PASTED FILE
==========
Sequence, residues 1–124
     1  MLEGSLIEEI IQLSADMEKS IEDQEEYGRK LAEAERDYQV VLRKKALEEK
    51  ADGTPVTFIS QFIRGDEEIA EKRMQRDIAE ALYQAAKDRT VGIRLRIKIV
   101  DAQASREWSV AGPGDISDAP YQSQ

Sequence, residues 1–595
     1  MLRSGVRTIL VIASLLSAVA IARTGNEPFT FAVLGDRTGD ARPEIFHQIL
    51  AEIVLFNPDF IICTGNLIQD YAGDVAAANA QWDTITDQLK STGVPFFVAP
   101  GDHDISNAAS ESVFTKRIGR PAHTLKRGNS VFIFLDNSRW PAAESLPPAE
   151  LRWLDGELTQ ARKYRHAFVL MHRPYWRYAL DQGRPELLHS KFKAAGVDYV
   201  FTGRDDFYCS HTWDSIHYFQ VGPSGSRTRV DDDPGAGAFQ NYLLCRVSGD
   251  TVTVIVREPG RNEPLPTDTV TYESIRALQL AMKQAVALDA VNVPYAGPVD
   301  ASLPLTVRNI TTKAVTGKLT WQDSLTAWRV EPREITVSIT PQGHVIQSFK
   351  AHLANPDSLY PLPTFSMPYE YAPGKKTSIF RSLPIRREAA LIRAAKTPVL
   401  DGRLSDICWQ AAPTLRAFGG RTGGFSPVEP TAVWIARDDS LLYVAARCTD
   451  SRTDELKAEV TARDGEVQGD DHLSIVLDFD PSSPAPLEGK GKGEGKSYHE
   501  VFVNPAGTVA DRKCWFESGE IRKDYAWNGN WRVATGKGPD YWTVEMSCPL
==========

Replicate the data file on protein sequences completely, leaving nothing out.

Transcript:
Sequence, residues 1–124
     1  MLEGSLIEEI IQLSADMEKS IEDQEEYGRK LAEAERDYQV VLRKKALEEK
    51  ADGTPVTFIS QFIRGDEEIA EKRMQRDIAE ALYQAAKDRT VGIRLRIKIV
   101  DAQASREWSV AGPGDISDAP YQSQ

Sequence, residues 1–595
     1  MLRSGVRTIL VIASLLSAVA IARTGNEPFT FAVLGDRTGD ARPEIFHQIL
    51  AEIVLFNPDF IICTGNLIQD YAGDVAAANA QWDTITDQLK STGVPFFVAP
   101  GDHDISNAAS ESVFTKRIGR PAHTLKRGNS VFIFLDNSRW PAAESLPPAE
   151  LRWLDGELTQ ARKYRHAFVL MHRPYWRYAL DQGRPELLHS KFKAAGVDYV
   201  FTGRDDFYCS HTWDSIHYFQ VGPSGSRTRV DDDPGAGAFQ NYLLCRVSGD
   251  TVTVIVREPG RNEPLPTDTV TYESIRALQL AMKQAVALDA VNVPYAGPVD
   301  ASLPLTVRNI TTKAVTGKLT WQDSLTAWRV EPREITVSIT PQGHVIQSFK
   351  AHLANPDSLY PLPTFSMPYE YAPGKKTSIF RSLPIRREAA LIRAAKTPVL
   401  DGRLSDICWQ AAPTLRAFGG RTGGFSPVEP TAVWIARDDS LLYVAARCTD
   451  SRTDELKAEV TARDGEVQGD DHLSIVLDFD PSSPAPLEGK GKGEGKSYHE
   501  VFVNPAGTVA DRKCWFESGE IRKDYAWNGN WRVATGKGPD YWTVEMSCPL